> that the most polished, best supported, best available training, to
> ACCESS Winlink is Winlink Express... which is Windows only.
> (There could be comparable software to Winlink Express for other
> platforms... there just isnt
> Scott is doing an amazing job evangelizing "better than 1200" data
> rates. He did an exhausting set of presentations this weekend at Comm
> Academy. He (and others) can only do that because he's using Windows -
> a platform that nearly everyone is comfortable with and doesn't have
> to teach a whole new platform before he even gets the new paradigm of
> a software modem. It's hard enough to get the idea across that the TNC
> needs to be abandoned (after 30 years). The Windows-only UZ7HO
> software is reasonably well polished. Given the dominance of Windows
> in general, and Winlink Express in particular, the fact that UZ7HO is
> Windows-only is a non-issue.
> But trying to evangelize "faster than 1200, don't use a TNC" AND
> debating "the cool kidz who don't like Windows" is asking too much.
> * Scott convinced me that if you are one of those who hate Windows...
> get over it, and get in the game, by buying a reasonably-priced
> Windows appliance like this:
> https://amzn.to/2ER3rRS (Amazon Associates link that would credit me
> if you buy from that link)
> Buy a Windows appliance. Firewall it if you need to and never let its
> Internet bits transit your home network. Take it to the library or
> Starbucks when it needs to periodically update itself. Install
> software from a USB flash drive. Etc. Point being, it's a MANAGEABLE
> issue to treat it like a dedicated appliance.
> I'll reserve judgement on the merits of Dire Wolf vs UZ7HO overall - I
> just haven't used both enough to have a qualified opinion. Yes, kudos
> to Dire Wolf for being open source and thus port-able to other
> platforms (like the above fantasized "appliance"). But equal kudos to
> UZ7HO for making software modems polished enough to the point where
> people like Scott can consider bearing the pain and effort to
> evangelize the concept of advancing beyond the TNC to our fellow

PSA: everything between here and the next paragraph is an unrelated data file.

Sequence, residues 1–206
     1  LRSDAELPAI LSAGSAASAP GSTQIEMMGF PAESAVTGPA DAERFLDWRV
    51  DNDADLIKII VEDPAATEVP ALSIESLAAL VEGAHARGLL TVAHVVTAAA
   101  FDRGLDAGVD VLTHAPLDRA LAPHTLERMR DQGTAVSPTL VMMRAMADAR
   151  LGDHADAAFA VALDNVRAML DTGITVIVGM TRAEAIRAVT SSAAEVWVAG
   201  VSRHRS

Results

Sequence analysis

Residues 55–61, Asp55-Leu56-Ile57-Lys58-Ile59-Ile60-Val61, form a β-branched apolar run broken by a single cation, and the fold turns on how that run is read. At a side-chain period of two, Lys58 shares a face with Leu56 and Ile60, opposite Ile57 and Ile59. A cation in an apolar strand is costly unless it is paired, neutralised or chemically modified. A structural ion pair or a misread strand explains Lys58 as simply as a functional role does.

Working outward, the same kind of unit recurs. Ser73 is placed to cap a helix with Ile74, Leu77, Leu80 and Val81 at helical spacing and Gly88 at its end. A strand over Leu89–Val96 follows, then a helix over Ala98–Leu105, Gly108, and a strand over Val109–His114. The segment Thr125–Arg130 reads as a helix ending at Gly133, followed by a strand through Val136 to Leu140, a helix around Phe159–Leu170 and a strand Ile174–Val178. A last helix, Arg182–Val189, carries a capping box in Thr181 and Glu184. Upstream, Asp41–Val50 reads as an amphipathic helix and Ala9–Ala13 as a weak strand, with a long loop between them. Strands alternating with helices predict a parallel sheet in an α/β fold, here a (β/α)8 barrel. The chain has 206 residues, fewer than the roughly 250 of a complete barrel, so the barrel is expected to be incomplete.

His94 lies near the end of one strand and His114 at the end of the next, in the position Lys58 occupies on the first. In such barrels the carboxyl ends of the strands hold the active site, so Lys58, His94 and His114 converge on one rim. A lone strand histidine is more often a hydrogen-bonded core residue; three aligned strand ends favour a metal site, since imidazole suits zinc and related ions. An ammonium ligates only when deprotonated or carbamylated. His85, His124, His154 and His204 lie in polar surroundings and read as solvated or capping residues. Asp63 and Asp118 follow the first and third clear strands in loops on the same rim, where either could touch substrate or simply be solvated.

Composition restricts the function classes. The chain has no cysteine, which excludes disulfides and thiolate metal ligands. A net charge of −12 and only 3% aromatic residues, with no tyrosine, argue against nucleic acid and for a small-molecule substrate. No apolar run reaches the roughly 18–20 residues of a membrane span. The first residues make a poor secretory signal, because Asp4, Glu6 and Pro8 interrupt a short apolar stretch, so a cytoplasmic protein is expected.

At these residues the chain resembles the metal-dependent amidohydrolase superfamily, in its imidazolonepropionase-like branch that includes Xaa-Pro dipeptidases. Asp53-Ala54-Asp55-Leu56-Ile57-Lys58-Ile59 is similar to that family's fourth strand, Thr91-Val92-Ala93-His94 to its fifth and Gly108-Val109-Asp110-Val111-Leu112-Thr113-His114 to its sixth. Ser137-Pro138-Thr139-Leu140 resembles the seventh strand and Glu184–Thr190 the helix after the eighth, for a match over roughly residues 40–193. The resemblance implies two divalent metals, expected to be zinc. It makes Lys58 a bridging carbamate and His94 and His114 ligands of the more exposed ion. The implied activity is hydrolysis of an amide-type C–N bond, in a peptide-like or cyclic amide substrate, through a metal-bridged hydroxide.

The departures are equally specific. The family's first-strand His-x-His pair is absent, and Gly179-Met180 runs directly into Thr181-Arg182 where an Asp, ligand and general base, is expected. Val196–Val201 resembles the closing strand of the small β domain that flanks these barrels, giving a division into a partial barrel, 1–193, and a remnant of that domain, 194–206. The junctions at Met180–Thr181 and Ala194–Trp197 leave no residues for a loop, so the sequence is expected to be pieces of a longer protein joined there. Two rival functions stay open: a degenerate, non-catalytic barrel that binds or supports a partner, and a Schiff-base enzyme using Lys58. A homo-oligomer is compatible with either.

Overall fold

> Amateur Radio operators who don't live and breathe packet radio,
> Linux, Raspberry Pi, etc.
> Also, if you're a REAL cool kidz, you can use UZ7HO on a Windows
> appliance with your "more pure" platform. The various bits of UZ7HO
> are modularized, coupled together using IP addresses and sockets. By
> default, they're set to 127.0.0.0, but if you're really cool, you can
> change that to let the UZ7HO software operate as a modem, and the
> higher levels of the stack can be on your favorite platform.
> Steve N8GNJ
> On Mon, Apr 16, 2018 at 12:46 PM, Bill Vodall <wa7nwp at gmail.com
> <mailto:wa7nwp at gmail.com>> wrote:
> >> OK, next test.
> >> This is running VARA FM, the HF modem optimized for VHF FM links.
> > Windows only?
> >> First test, running the radios in "1200" mode on 145.030MHz.
> Ideal path,
> >> radios are 15' apart. VARA FM stayed in 3rd gear, but still
> very good
> >> *** Sent 1 message. Bytes: 30800, Time: 01:19, bytes/minute:
> >> Next with the radios set to "9600" mode. VARA FM shifted all
> the way up to
> >> 5th gear (top gear). This comes very close to 9600 packet!
> >> *** Sent 1 message. Bytes: 30828, Time: 00:47, bytes/minute:
> > 9600 was less than double the 1200 mode... I sure wish they'd
> > standardize on CPS..
> > Was this with Discriminator flat audio or 'real' audio?
> > Is there a middle mode that would work with radios that don't have
> > flat audio? To get something (3600? 4800?) better than 1200.
> > Bill, WA7NWP
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> Steve Stroh (personal / general): stevestroh at gmail.com
> <mailto:stevestroh at gmail.com>